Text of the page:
Workplace bullying should be treated as a public health issue
Bullying goes beyond workplace incivility. While incivility can be addressed through education on workplace etiquette, emotional intelligence and discipline, bullying is intentional interpersonal mistreatment that involves offensive, hostile and assaulting conduct directed at someone for a minimum period of six months.
We need to move beyond awareness campaigns, legislation, high-profile media attention and court action to protect people from workplace bullying. The solution might lie in viewing workplace bullying not as a workplace issue, but as a public health issue.
Bullying has impacts on health
Like other health issues, the impact of workplace bullying has measurable diagnostic implications and the clustering of adverse physical and psychological symptoms of bullying victims is definable. Multiple studies have shown that it can negatively impact a person’s mental health and can even lead to long-term psychological trauma
In addition, bullying has been linked to various health conditions including cardiovascular disease, musculoskeletal complaints, sleep issues and generalized physical pain.
All too often, we see the worst life-altering impact of bullying: death by suicide. For those who are already struggling with mental health issues and suicidal thoughts, workplace bullying can increase the risk of suicide.
In 2018, the Saskatchewan Workers’ Compensation Board paid compensation to a woman after her husband’s suicide was linked to workplace bullying. The man’s workplace was the target of several allegations of workplace bullying. It is clear workplace culture has to change.
Bullying impacts businesses as well
Workplace bullying also significantly impacts the organizations that victims work for. It is well-documented that bullying can negatively affect a person’s perception of their performance and self-worth. This negative perception of a victim’s identity can impact their work productivity.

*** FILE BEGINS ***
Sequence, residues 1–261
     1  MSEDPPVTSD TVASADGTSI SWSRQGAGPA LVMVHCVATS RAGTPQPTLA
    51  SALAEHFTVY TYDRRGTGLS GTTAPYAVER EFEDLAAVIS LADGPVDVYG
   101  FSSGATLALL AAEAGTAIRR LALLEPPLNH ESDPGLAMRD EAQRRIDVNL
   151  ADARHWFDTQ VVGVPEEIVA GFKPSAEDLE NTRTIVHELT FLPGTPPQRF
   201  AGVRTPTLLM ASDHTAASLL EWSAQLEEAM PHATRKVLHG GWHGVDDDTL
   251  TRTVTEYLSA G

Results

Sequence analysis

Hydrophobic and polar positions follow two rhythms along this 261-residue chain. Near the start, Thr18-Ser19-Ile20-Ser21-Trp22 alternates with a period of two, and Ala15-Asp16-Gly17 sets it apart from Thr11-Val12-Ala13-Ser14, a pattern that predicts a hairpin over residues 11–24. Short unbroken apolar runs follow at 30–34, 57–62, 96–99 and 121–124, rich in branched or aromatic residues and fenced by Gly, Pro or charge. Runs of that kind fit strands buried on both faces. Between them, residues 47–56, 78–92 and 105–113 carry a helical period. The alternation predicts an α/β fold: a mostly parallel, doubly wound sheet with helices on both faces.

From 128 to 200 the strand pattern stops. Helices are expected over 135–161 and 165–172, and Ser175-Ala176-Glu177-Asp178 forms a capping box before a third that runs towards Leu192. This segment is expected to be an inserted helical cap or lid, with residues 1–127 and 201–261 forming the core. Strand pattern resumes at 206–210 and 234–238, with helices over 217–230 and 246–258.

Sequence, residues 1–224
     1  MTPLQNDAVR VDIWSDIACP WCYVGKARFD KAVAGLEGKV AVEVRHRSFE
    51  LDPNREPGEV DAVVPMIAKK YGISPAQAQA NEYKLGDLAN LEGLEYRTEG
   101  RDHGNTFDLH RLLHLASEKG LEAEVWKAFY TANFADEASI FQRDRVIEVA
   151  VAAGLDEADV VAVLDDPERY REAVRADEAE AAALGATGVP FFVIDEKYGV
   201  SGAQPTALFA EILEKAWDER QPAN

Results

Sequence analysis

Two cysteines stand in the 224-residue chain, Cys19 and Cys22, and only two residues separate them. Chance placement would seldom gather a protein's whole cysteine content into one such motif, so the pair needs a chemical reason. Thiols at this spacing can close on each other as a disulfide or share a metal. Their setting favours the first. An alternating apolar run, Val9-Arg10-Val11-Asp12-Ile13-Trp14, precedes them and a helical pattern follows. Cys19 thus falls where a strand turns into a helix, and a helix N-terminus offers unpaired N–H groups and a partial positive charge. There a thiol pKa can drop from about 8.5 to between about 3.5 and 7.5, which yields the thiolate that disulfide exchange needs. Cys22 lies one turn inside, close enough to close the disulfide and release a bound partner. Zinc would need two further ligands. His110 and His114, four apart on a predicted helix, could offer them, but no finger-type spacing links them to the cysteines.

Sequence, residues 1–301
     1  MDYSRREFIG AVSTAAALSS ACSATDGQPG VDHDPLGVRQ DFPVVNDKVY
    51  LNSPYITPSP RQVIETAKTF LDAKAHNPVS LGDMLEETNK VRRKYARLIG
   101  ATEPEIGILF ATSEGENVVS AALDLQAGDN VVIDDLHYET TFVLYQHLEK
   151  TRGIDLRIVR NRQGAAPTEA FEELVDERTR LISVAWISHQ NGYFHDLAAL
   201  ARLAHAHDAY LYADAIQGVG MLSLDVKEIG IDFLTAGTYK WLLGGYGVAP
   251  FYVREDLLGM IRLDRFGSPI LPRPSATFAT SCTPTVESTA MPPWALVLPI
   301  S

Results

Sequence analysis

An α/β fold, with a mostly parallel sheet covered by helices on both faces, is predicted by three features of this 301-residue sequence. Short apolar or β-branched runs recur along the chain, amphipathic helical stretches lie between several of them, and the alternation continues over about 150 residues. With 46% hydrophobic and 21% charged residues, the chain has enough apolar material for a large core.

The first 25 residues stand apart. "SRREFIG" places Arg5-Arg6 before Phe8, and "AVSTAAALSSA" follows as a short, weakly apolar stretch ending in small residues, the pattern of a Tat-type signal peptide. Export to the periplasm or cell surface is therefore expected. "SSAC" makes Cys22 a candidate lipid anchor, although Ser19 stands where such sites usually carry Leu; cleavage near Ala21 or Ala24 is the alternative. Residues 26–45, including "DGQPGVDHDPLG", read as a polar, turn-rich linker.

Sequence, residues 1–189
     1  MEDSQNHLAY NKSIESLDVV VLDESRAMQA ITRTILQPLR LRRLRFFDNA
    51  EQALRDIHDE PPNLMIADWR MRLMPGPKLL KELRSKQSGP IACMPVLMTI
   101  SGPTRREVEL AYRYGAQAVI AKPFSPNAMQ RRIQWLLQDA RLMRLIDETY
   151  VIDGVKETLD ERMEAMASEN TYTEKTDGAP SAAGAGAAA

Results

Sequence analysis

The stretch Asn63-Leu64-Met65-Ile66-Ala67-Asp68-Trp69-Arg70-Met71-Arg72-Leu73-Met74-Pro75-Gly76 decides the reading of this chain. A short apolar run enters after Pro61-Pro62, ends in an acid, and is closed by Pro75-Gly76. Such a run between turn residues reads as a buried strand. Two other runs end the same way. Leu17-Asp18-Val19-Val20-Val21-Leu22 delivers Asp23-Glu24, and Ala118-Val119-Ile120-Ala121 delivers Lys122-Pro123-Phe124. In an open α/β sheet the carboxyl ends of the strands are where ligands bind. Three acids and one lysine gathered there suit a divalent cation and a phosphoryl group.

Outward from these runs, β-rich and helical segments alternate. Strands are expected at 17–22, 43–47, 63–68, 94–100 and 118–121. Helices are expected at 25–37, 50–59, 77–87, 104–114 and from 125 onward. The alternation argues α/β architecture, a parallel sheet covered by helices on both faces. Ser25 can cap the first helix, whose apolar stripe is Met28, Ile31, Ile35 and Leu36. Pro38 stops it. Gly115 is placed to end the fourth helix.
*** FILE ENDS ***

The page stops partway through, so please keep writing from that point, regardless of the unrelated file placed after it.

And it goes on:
Around 10 to 52 per cent of a victim’s time at work is deemed unproductive because of the amount of time they spend defending themselves, seeking support, experiencing poor job satisfaction and higher depression and anxiety levels.
Over the last 20 years, the field of research on bullying has shifted. Due to the increasing number of studies linking this issue to mental health issues, researchers developed effective interventions, like workplace bullying tool kits and policy templates that can help workers.
Some of these interventions include developing strategies to prevent bullying and educate abusive managers about the negative effects of their behaviour. In addition, governments have passed legislation to dissuade bullying at work, holding organizations more accountable. But bullying still persists.
Bullying is a public health issue
It’s clear the current workplace health and safety framework isn’t working — people keep getting hurt. Human resource departments are key actors in addressing workplace bullying. But more often than not, field complaints are often mishandled, improperly dismissed or simply ignored.